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A Bridge Too Far For Lac Du Bonnet Farmers

“It is a long

way around for these guys.”

– IAN WISHART, KAP

Farmers near Lac du Bonnet racing to harvest a late crop may have to go several hours out of their way after their local bridge is closed for repair this week.

The Manitoba Highways Department is scheduled to close a bridge across the Winnipeg River for repairs Oct. 4. Some farmers say that’ll force them into a two-hour detour to reach their fields.

Harvest in the region is already three to four weeks late. The bridge shutdown will occur just when soybean crops will be ready for combining, said local farmer Cindy Kellendonk. “I don’t think the timing of harvest was given enough consideration, nor the impact to producers,” she said.

Kellendonk estimated up to 4,000 acres could be affected.

She said farmers want Manitoba Infrastructure and Transportation (MIT) to delay the bridge work until the crop is off. She said combines and other farm equipment cross the bridge several times a day during harvest and sending them the long way around isn’t practical.

At the very least, construction workers should flag equipment and other vehicles across the bridge on one lane instead of cutting traffic off completely, said Kellendonk.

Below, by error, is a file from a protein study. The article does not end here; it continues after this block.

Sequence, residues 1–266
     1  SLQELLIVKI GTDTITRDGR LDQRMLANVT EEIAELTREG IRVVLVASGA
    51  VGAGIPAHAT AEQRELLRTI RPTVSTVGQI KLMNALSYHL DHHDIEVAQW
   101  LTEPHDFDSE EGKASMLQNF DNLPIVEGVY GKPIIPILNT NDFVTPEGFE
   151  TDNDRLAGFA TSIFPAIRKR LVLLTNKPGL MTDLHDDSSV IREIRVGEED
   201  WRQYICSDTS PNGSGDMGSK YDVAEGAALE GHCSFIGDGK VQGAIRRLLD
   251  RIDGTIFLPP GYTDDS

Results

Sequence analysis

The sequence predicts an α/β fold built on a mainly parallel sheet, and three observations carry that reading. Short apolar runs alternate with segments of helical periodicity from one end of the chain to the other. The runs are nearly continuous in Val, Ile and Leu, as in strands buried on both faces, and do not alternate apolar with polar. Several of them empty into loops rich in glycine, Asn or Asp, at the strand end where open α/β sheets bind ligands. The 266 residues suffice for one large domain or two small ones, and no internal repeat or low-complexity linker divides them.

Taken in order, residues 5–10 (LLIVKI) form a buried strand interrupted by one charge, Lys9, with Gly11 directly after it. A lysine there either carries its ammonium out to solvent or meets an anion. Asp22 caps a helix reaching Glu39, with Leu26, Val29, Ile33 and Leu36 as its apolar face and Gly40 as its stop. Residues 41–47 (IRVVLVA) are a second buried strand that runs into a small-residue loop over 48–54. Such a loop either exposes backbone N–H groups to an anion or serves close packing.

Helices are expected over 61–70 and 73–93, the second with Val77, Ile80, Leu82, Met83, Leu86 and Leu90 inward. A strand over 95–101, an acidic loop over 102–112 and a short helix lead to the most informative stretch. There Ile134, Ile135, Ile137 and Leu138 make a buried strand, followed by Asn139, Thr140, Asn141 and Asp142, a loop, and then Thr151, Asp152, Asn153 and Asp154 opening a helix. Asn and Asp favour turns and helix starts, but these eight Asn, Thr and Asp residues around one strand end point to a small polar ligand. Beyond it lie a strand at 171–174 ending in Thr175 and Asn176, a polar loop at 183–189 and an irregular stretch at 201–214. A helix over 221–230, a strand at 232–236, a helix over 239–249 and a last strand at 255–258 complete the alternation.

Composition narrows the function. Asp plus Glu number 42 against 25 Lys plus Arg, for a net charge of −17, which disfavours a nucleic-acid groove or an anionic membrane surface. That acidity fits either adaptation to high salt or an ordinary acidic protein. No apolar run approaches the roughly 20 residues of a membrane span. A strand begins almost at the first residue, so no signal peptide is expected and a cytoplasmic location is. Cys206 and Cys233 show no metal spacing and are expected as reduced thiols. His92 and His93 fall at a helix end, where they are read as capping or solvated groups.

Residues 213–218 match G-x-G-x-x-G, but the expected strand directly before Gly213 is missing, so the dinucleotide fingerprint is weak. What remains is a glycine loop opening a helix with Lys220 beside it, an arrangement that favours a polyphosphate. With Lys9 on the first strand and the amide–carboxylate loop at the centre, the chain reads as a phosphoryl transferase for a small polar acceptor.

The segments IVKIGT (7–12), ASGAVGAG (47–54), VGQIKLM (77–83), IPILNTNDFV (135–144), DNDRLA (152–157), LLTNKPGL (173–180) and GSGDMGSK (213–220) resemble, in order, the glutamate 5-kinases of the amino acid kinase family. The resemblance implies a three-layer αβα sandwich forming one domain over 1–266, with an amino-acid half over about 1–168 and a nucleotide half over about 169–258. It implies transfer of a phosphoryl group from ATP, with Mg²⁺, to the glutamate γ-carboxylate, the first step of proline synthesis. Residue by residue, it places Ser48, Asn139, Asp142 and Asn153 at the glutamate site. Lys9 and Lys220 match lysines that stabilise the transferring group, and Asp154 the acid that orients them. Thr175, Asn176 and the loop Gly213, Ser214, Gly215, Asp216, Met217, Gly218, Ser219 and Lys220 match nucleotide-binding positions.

She said highway officials say the work could take between one and three weeks.

But MIT says it can’t delay the project because the bridge will be needed for a detour when work on a different bridge near Pinawa starts next spring.

Flagging traffic across isn’t an option, either, said Ron Weatherburn, MIT’s executive director of construction and maintenance. Because the bridge across provincial road 313 just northeast of Lac du Bonnet is narrow, workers cannot keep one lane open for traffic during construction, he said.

Weatherburn said MIT deferred the work to October because the route is heavily travelled during the summer by cottage country commuters.

That has Kellendonk feeling the province considers tourism more important than agriculture.

Ian Wishart, Keystone Agr icul tural Producers, wouldn’t go that far. But he said highway officials should be sensitive to farmers’ needs, especially at critical times of the year.

“I do think Highways has to remember that agriculture still has timelines that have to be honoured: harvest season, seeding season. We can be somewhat flexible but there are some things that we can only bend so far,” said Wishart, whose group has spoken with MIT about the matter.

MIT was scheduled to meet with local farmers and municipal officials in Lac du Bonnet Sept. 30 to seek a solution.

One option could be to leave the bridge open during late afternoon and evening for equipment to cross then, said Weatherburn.

He said MIT tries not to close bridges completely during construction. When that does happen, alternate routes are usually available close by and detours are much shorter. But local geography makes this case more difficult, he said.

Wishart said compromises are usually available when bridge and road-work inconveniences farmers. Bridge repair near St. Francois Xavier this summer affected local vegetable farmers who had to move product daily. In that case, workers were able to keep one lane open to flag trucks through.

But this case involves combines which occupy both lanes while crossing. Neither lane will be open. And a round-trip detour for slow-moving farm equipment takes up to four hours.

“It is a long way around for these guys,” Wishart said. [email protected]

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